Russell Ross, a founder of contemporary vascular biology and a giant of atherosclerosis research, died in Seattle 18 March 1999 after a brief illness.

Born in Florida, Ross earned his PhD in 1962 at the University of Washington. For his thesis with Carl Benditt, he studied the biology of wound healing by using ultrastructural techniques to examine collagen production by mesenchymal cells.

At the outset of his career as an independent investigator, Ross recognized the key role of interactions between inflammatory leukocytes and mesenchymal cells in injured tissues, an enduring theme of his research. He recognized early on that a deeper understanding of the mechanisms underlying this problem would require a union of biochemical approaches with morphologic studies. Ross prized his dual appointments in both the Department of Pathology (which he eventually chaired for a dozen years) and the Department of Biochemistry in Seattle.

In the early 1970s, Ross made an important transition from his interest in wound healing in general to a particular focus on vascular cells. In a series of seminal papers, he systematically characterized cultures of arterial smooth muscle cells and studied the regulation of extracellular matrix proteins by these cells. He showed that arterial smooth muscle cells synthesized interstitial collagens, proteoglycans and elastin. With characteristic alacrity, Ross immediately appreciated the implications of this avenue of research for atherosclerosis. During the rest of his career, he united his interests in wound healing, inflammation and vascular cell biology to advance the field, and in so doing became a dominant figure in atherosclerosis.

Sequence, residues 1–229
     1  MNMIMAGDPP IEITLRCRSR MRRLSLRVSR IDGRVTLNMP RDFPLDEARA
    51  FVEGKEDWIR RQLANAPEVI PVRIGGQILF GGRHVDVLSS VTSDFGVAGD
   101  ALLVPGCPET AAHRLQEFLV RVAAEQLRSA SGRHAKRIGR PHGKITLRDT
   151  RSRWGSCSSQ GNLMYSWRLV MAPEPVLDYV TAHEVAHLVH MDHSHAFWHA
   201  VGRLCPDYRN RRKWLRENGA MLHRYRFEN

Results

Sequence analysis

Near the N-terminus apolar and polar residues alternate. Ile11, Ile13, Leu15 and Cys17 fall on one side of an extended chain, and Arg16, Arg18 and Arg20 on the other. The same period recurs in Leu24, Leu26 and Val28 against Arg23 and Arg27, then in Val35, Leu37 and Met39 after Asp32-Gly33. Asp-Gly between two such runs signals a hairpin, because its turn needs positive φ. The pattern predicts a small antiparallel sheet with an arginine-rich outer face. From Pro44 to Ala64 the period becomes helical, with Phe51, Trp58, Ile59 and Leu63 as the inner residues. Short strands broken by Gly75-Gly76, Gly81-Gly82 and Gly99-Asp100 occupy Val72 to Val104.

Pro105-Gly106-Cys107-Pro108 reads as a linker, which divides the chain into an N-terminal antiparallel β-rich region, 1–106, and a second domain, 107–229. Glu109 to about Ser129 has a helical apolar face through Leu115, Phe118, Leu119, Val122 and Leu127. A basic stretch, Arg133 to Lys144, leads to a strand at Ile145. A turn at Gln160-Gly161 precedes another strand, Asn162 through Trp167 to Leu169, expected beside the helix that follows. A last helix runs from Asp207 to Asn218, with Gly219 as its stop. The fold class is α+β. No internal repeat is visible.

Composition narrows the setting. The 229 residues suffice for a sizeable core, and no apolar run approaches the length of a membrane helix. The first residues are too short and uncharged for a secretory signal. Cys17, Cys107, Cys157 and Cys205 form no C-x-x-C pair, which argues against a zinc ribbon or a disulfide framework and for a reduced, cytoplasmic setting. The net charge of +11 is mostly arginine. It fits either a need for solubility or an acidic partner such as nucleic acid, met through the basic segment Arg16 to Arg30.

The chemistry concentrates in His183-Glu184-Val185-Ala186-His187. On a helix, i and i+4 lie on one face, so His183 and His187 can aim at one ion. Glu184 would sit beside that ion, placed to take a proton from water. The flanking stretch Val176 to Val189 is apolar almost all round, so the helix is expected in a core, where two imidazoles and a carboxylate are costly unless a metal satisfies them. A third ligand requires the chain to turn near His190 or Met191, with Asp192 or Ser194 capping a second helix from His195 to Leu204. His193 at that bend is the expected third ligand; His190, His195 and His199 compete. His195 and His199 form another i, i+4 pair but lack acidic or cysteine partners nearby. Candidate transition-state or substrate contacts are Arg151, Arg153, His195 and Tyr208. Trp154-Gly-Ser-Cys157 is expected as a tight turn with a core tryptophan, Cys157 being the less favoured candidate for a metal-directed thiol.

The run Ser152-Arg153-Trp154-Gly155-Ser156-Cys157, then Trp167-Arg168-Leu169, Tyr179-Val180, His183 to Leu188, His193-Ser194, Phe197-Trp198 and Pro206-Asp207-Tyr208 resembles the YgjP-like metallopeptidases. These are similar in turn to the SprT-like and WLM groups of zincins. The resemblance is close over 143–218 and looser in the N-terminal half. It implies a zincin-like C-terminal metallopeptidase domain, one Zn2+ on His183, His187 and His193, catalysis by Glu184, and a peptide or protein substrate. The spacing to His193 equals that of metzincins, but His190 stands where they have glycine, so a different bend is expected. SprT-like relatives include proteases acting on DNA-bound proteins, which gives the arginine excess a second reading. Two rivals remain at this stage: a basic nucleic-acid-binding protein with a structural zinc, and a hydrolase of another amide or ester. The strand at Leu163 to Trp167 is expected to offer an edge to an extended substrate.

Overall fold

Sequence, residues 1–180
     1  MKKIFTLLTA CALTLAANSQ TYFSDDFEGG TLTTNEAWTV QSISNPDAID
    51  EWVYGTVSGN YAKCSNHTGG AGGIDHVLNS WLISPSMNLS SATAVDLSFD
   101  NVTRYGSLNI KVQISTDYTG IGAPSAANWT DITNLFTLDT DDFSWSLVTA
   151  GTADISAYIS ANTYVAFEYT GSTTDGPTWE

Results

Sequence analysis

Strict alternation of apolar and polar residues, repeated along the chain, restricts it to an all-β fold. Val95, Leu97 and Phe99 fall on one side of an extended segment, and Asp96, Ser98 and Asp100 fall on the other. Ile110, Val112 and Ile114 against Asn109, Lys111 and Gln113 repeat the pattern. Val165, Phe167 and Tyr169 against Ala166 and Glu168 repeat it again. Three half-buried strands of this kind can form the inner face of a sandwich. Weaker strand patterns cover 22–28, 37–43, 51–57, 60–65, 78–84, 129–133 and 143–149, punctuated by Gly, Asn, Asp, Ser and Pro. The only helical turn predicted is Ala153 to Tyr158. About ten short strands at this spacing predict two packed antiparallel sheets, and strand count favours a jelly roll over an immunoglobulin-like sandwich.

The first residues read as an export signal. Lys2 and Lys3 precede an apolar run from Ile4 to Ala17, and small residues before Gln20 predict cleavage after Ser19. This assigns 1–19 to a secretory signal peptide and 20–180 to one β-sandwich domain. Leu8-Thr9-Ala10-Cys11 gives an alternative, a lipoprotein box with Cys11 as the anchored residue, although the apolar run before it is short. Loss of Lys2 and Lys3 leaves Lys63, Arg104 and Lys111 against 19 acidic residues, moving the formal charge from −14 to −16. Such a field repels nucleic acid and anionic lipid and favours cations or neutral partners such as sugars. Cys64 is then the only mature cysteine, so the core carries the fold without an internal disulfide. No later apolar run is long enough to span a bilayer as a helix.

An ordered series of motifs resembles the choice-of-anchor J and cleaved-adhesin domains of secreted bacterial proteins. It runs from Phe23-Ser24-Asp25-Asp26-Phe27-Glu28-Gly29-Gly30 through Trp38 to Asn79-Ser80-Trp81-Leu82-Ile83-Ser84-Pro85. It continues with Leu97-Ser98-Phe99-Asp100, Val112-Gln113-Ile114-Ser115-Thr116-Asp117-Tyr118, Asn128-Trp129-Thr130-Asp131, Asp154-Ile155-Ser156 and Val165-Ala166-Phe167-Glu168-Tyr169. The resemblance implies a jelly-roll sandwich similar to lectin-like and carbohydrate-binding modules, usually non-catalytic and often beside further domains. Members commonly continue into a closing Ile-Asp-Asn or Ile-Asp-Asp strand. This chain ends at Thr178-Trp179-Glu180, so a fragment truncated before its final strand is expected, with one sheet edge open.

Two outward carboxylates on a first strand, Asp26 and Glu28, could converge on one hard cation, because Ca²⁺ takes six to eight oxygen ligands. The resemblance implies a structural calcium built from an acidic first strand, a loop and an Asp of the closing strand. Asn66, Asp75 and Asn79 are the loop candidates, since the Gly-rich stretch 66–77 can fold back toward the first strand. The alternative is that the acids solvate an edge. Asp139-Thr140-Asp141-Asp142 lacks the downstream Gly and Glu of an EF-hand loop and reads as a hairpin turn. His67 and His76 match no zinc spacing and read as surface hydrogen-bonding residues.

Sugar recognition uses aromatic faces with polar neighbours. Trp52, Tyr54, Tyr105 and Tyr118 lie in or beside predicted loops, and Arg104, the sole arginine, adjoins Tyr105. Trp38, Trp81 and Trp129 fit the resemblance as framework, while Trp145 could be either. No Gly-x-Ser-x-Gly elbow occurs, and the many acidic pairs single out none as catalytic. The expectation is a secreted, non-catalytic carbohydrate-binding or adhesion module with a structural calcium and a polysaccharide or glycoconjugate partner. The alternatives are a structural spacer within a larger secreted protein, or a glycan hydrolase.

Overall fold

Ross' 1974 discovery that platelets furnish a principal mitogen for smooth muscle cells in serum stimulated work around the world on this platelet-derived growth factor (PDGF). Ross followed his original observation in a determined and systematic fashion, always retaining broad biological perspective. The Ross laboratory reported the high-yield purification of this protein, characterized its receptors, and characterized the plurality of the potential cellular origins of this widespread and important mediator. His recent work with bone marrow chimeric mice with PDGF-deficient blood cells furnished important new proof of the involvement of PDGF in determining the composition of atherosclerotic lesions in mice.

Russell Ross' contributions, however, went well beyond a single molecule. His studies of the pathogenesis of atherosclerosis led him to the 'response to injury hypothesis of atherosclerosis'. Continued testing of this hypothesis has illuminated many aspects of the process of atherogenesis. Ross developed the key insight that atherosclerosis does not result from an inevitable degenerative process or simple accumulation of lipids within the artery wall. Instead, he viewed atherosclerosis as a fibroproliferative process that results from a specialized chronic inflammatory response, and demonstrated that arterial endothelium, mononuclear phagocytes, platelets and smooth muscle cells all elaborate growth-regulatory peptides that are important in intimal smooth muscle proliferation. Periodic authoritative reviews over the decades provided updates to the response to injury hypothesis and revealed Ross' eagerness to revise his views in light of new data. The framework provided by these reviews stimulated work around the world and launched many careers devoted to unraveling the details of the model Ross strove constantly to perfect.